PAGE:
The same thing happens when I’m watching a movie or TV show and the camera pans to show the beautiful and wonderful object of affection. I’ve seen two heterosexual White people fall in love in a thousand different ways. I watch Black people movies and see Black couples do the same. Through all of the media I’ve consumed I can’t think of five positive portrayals of interracial couples of any kind. In the few that I have come across, it always ends up being a struggle for both parties. Friends get on them, their families disapprove, or there’s a culture clash.
Seeing this made it hard for me to feel comfortable in my own skin. An invisible box began to form around me, as if a list of behaviors I must exhibit to legitimize my place in the race I belong to was written all over my body. People make assumptions about the way I am based upon how I look. As they begin to interact with me, I can see their perceptions shifting behind their eyes like ‘oh, this wasn’t what I was expecting’. I’m almost never what people expect me to be. It can be difficult, knowing that I’m being judged based upon all of these superficial characteristics, knowing that I’ll have to actively work to climb out of the boxes I’m being stuffed in. At the same time, I want to be myself. Not the palatable and predictable version of me people expect to experience. In this way, I live in a perpetual struggle between authenticity and watering myself down for the comfort of others.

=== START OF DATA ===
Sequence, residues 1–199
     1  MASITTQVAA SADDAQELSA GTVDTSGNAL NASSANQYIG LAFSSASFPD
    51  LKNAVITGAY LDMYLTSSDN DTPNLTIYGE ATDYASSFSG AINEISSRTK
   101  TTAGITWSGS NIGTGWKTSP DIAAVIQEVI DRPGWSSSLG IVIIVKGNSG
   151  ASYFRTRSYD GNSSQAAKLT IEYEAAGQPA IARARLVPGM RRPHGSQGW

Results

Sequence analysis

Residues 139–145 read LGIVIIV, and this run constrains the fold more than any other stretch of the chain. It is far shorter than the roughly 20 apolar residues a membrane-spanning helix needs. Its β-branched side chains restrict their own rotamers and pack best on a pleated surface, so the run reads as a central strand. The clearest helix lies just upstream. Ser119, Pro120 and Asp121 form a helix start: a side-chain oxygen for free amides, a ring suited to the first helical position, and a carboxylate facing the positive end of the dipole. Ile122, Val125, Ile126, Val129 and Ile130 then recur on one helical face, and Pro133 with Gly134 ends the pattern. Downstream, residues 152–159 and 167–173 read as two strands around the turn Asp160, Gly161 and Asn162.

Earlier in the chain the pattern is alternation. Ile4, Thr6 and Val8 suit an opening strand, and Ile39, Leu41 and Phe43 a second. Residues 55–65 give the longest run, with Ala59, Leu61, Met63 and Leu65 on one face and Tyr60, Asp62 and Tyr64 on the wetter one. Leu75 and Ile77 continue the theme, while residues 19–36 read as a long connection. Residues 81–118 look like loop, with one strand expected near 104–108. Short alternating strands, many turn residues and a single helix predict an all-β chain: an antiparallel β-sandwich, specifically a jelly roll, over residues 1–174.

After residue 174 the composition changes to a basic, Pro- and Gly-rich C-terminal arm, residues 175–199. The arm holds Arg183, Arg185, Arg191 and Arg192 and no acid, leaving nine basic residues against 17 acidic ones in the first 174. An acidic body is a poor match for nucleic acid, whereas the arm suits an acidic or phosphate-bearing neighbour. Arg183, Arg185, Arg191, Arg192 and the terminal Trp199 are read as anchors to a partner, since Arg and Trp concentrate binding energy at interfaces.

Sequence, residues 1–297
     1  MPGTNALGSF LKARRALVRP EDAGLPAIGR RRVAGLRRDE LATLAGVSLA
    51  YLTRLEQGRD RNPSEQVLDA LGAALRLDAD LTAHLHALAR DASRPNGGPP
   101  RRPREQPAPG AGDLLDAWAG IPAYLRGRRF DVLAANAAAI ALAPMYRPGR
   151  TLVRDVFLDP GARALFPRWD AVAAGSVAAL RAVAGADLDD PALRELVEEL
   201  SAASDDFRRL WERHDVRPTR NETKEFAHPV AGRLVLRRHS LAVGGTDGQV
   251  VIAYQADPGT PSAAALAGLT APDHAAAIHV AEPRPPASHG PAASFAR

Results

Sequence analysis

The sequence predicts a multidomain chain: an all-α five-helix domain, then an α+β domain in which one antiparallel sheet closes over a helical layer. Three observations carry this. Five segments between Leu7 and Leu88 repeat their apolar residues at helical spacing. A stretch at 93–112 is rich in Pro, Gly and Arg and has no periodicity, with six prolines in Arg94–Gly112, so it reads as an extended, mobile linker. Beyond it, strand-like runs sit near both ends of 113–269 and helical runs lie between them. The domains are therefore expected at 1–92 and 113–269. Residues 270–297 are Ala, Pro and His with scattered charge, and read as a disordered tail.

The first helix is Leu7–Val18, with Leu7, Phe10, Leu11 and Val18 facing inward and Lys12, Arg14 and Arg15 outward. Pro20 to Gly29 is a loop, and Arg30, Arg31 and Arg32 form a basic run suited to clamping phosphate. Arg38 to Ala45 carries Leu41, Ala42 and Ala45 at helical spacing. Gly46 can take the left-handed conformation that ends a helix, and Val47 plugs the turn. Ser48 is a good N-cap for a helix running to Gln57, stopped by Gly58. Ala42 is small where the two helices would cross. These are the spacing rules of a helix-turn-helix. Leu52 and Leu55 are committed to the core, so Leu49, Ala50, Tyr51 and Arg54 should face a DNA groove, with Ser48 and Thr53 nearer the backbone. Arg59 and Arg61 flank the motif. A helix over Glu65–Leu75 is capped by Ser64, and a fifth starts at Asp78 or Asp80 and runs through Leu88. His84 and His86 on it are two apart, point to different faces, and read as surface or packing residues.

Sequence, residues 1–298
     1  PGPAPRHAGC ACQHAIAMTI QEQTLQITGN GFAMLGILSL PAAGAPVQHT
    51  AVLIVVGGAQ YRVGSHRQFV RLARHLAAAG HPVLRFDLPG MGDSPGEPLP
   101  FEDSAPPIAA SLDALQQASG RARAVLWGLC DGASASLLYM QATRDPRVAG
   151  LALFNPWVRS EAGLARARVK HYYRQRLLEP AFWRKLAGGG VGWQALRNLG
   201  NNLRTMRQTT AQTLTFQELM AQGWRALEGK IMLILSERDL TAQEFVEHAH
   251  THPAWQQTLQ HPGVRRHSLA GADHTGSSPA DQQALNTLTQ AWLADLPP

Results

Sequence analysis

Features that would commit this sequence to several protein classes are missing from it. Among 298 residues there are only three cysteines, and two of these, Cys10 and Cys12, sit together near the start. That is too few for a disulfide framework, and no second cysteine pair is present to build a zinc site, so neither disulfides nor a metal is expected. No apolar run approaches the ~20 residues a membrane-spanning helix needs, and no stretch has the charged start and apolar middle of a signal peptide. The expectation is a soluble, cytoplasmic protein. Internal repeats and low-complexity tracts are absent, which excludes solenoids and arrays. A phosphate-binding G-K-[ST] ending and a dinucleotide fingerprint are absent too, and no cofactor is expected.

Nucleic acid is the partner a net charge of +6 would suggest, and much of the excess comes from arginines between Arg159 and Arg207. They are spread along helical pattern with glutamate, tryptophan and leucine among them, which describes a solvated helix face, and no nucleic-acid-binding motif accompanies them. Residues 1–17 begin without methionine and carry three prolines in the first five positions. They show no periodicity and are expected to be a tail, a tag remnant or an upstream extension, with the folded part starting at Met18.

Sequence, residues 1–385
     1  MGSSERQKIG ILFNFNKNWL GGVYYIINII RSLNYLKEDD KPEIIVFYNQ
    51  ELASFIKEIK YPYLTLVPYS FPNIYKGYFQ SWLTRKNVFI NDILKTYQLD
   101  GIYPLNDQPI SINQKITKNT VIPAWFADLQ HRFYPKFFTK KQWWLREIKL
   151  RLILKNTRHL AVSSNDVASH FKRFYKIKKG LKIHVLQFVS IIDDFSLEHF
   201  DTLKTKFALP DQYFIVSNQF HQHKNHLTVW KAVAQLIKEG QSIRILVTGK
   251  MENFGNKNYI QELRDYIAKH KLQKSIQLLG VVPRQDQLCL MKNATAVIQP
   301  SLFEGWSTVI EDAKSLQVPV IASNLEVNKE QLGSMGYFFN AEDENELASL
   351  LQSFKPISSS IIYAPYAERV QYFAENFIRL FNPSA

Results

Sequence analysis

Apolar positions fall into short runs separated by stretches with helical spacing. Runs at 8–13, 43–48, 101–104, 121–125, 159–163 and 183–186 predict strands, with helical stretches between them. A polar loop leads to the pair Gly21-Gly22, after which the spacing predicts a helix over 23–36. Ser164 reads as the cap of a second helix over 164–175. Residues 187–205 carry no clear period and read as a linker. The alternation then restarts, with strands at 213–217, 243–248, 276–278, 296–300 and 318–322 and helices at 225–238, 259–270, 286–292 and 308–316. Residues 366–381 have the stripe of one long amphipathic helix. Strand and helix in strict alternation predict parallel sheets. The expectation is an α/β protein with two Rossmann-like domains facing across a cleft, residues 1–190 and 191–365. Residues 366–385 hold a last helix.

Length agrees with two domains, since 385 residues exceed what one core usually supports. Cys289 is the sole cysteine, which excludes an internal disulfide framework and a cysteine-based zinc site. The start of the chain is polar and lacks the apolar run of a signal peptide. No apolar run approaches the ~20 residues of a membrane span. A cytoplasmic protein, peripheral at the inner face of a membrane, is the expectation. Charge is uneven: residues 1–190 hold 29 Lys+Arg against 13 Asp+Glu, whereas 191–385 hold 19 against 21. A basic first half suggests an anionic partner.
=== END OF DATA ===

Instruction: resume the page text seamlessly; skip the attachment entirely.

It’s an eternal paradox: The media that keeps me afloat in the sea of expectations is the same media that makes me feel like I’m drowning. The only thing that has stopped me from spiraling is the realization that my perceived difference is my strength. I must always remember to hold the part of me close that sat at the window watching for owls with magical mail. She is bright, eclectic, and visionary. She enables me to add my voice to the change I want to see in the world.